Michael Kovrig (left) and Michael Spavor, the two Canadians detained in China, are shown in these 2018 images taken from video. Canadian prisoner Michael Kovrig is trying to hold on to a sense of humour as he and fellow countryman Michael Spavor approach one year in solitary confinement in China, says Kovrig’s current boss. THE CANADIAN PRESS/AP

Michael Kovrig (left) and Michael Spavor, the two Canadians detained in China, are shown in these 2018 images taken from video. Canadian prisoner Michael Kovrig is trying to hold on to a sense of humour as he and fellow countryman Michael Spavor approach one year in solitary confinement in China, says Kovrig’s current boss. THE CANADIAN PRESS/AP

Kovrig clings to humour as ‘two Michaels’ near one year in Chinese prison

Their detention is widely viewed as retaliation for Canada’s arrest of Chinese high-tech scion Meng Wanzhou

Canadian prisoner Michael Kovrig is trying to hold on to a sense of humour as he and fellow countryman Michael Spavor approach one year in solitary confinement in China, says Kovrig’s current boss.

Kovrig, a diplomat on leave who was working with the International Crisis Group, and Spavor, an entrepreneur, have been imprisoned in China since Dec. 10, 2018. Their detention is widely viewed as retaliation for Canada’s arrest of Chinese high-tech scion Meng Wanzhou on Dec. 1, 2018.

Meng, the chief financial officer of Huawei Technologies, was arrested at the request of the United States, which wants her extradited to face fraud charges for allegedly violating sanctions against Iran.

The incident triggered a diplomatic meltdown between Canada and China, that has also led to the People’s Republic banning some Canadian agricultural products, including canola.

Meng is out on bail and living in a luxury Vancouver home, as her extradition hearing remains before a British Columbia court.

On the one-year anniversary of her arrest, Huawei posted a message from Meng in which she described feeling tormented and helpless, amid long periods of reading novels and oil painting, while watching the dense forests outside her window change to crimson.

READ MORE: New foreign minister presses for Canadian detainees with China counterpart

Robert Malley, the president of the Washington-based Crisis Group, said he wishes Meng no ill-will but that there’s no comparison between how she and Kovrig and Spavor are being treated.

Kovrig and Spavor have been allowed approximately one consular visit per month by Canadian diplomats. But they have been denied access to lawyers, and all others.

Malley said he hopes Kovrig can at least receive a bit better treatment from their Chinese jailers. And he said that wish extends to Spavor, who has no connection to his organization. The Crisis Group has focused exclusively on the case of Kovrig, who was a specialist on China for the think-tank, and had conducted high-level interviews with Chinese officials over numerous visits.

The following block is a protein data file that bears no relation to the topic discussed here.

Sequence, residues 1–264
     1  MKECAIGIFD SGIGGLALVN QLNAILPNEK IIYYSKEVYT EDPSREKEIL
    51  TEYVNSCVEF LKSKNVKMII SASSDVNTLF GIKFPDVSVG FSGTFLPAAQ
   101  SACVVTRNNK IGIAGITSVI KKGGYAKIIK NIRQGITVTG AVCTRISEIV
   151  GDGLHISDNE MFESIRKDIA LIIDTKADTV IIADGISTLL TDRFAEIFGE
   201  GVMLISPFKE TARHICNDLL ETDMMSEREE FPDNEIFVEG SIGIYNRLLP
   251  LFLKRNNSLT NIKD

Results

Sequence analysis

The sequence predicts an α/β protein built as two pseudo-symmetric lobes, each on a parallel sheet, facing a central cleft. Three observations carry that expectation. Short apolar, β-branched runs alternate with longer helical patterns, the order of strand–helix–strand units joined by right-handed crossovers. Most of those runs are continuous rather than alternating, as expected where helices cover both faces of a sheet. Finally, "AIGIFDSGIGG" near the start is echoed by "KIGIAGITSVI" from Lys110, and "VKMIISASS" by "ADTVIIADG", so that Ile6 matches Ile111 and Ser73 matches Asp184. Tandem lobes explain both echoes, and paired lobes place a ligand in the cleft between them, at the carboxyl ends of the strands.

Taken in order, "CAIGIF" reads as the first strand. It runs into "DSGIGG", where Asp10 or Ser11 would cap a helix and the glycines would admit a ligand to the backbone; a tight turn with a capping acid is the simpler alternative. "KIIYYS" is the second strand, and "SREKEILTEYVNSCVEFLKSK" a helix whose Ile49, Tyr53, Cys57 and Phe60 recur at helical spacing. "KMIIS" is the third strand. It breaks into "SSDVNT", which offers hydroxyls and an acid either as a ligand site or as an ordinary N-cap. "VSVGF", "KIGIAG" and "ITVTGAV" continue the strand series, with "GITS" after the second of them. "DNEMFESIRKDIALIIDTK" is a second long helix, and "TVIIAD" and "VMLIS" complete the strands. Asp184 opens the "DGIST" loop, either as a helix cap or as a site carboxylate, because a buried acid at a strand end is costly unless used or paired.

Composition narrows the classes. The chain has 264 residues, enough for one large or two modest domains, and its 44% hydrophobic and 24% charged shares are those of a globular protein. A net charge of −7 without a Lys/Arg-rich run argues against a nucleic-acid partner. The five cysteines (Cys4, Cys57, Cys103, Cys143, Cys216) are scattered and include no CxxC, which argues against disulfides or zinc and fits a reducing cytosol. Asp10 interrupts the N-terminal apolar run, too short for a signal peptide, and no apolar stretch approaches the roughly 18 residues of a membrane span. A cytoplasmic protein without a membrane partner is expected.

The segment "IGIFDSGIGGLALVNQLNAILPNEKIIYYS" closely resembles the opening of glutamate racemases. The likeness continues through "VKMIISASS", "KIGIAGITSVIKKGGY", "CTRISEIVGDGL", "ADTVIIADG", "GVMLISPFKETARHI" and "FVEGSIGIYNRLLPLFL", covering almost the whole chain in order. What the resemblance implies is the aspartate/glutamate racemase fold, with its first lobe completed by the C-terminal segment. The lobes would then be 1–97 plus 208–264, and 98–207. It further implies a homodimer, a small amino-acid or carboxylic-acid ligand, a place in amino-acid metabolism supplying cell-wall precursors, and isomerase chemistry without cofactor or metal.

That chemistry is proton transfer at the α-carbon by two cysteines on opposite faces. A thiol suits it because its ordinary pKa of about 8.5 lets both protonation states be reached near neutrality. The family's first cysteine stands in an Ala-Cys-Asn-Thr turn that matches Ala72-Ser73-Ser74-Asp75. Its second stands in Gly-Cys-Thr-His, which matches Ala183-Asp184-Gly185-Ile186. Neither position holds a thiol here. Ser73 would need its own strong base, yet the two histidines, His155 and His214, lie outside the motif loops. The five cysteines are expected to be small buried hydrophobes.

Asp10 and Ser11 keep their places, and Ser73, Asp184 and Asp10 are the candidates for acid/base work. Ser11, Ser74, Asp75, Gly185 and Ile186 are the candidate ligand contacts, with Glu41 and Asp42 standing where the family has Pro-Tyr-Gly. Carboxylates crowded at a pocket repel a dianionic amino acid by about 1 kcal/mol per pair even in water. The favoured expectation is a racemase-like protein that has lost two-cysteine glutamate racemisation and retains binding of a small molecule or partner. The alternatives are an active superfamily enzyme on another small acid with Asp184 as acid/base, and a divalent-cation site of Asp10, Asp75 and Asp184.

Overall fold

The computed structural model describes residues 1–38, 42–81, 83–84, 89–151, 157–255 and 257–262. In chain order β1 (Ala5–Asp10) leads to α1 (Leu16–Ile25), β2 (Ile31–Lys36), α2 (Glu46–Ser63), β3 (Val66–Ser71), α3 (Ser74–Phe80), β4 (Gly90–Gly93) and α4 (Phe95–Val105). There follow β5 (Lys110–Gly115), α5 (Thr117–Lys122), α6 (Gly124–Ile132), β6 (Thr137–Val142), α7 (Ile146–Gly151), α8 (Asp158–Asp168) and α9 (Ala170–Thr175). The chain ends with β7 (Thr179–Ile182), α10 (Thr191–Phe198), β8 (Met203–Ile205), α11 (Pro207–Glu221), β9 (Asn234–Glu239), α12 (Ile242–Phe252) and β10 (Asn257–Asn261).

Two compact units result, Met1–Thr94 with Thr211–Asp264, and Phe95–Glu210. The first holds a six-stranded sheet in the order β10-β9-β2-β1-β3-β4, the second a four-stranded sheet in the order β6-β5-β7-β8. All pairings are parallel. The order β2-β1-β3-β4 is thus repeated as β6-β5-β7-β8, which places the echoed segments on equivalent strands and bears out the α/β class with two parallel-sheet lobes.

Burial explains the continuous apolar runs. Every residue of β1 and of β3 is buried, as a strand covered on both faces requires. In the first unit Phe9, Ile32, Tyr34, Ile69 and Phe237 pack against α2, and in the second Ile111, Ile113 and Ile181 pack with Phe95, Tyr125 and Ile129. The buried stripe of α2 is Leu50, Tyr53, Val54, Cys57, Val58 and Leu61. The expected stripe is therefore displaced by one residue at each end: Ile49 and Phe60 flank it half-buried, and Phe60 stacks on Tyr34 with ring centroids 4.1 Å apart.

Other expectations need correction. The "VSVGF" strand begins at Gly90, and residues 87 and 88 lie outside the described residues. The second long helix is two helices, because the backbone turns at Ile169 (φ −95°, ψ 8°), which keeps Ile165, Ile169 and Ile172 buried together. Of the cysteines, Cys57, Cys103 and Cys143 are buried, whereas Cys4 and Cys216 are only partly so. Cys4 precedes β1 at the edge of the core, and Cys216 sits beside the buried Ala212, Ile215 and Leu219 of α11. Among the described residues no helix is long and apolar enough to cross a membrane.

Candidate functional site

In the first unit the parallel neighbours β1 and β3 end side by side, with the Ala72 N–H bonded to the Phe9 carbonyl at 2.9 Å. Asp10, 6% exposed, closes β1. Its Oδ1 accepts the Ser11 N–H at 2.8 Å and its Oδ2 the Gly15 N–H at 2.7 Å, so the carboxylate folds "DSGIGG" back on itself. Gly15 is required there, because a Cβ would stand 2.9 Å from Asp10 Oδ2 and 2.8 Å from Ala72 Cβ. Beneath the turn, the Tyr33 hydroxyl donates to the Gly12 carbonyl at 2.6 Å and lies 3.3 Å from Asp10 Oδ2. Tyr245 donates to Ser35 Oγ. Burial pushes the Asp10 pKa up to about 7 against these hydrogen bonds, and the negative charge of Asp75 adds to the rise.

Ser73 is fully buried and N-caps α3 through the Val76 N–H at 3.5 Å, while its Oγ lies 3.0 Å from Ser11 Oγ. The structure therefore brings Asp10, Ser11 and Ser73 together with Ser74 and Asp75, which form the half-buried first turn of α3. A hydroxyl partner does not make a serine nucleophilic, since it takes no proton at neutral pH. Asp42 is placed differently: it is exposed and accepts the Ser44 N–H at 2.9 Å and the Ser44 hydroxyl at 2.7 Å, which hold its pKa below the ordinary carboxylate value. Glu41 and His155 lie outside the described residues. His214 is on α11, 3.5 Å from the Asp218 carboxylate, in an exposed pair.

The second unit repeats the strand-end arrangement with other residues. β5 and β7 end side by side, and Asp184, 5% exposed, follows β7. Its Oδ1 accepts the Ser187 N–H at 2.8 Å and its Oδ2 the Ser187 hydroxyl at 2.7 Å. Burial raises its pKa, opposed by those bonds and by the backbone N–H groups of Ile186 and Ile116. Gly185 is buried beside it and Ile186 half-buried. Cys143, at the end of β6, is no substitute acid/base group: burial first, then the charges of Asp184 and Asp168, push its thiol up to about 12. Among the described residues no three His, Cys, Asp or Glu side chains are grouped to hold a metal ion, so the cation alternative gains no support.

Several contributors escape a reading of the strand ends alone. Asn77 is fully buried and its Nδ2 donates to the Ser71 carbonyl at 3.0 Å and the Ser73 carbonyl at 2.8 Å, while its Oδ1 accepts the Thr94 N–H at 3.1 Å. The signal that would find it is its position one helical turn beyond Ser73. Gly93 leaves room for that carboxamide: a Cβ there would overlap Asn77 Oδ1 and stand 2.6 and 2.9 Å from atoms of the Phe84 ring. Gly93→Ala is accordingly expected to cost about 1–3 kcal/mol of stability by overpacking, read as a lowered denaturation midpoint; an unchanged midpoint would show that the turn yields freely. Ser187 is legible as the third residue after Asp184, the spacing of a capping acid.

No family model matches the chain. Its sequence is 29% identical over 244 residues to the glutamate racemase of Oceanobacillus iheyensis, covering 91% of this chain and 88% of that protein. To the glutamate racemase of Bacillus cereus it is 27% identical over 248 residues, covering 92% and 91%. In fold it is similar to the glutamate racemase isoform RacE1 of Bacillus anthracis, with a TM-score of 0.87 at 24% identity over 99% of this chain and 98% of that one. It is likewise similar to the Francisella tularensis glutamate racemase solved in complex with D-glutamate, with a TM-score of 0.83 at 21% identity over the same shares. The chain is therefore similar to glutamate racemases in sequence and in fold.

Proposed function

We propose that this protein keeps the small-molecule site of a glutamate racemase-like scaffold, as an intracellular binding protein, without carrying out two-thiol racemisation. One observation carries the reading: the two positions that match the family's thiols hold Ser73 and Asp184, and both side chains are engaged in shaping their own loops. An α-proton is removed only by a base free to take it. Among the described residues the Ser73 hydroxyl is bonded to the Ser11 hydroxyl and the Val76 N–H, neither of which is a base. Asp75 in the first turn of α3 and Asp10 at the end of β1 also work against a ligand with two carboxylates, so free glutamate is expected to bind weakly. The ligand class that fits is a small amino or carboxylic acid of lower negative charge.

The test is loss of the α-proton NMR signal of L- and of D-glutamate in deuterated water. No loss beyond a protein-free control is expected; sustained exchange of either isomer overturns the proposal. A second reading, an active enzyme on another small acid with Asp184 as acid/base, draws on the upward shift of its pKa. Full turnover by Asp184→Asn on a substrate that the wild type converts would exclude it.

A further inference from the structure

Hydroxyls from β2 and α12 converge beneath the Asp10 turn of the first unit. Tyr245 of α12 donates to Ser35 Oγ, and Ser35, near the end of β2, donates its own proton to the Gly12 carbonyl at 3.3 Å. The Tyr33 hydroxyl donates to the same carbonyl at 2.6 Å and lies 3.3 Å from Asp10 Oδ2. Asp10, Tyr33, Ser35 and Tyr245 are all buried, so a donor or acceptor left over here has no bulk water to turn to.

“I don’t think anyone is expecting they will improve to the point that Ms. Meng is experiencing,” he said. “That would probably be an unrealistic expectation. But at least that he be treated fairly and that he have access to family members, to lawyers, to others and that he could live a little bit more normally than he is today.”

Malley said Kovrig is showing uncommon resilience as he lives in isolation, deprived of contact from his loved ones.

“All of that, obviously, would be taxing on anyone. I do have to say that the way Michael is reacting is nothing short of extraordinary. Maintaining his sense of humour, his sense of perspective, his desire to remain interested in things that are going on around the world.”

Malley offered no other details.

China accuses the two men of spying, while the Canadian government has branded their detentions as arbitrary. There appears to be little movement in the stalemate. China’s new ambassador recently held firm to his country’s hardline position, saying the tension between the two countries could be easily dealt with if Canada simply released Meng.

READ MORE: Huawei’s Meng ‘no longer fears unknown’ despite ‘torment, struggle’ of last year

Malley, who previously served on former U.S. President Barack Obama’s national security council, said Kovrig’s fate is wrapped up in events outside his and Canada’s control.

China and the Trump administration are embroiled in an acrimonious trade negotiation and the U.S. has also banned Huawei from supplying the equipment for its next generation 5G wireless network. The U.S. views the technology as an extension of Chinese military intelligence — an allegation the company denies as baseless.

Canada hasn’t decided whether to allow Huawei to be its 5G supplier, but it is under pressure from the U.S. to block the company. Doing so could anger China even further.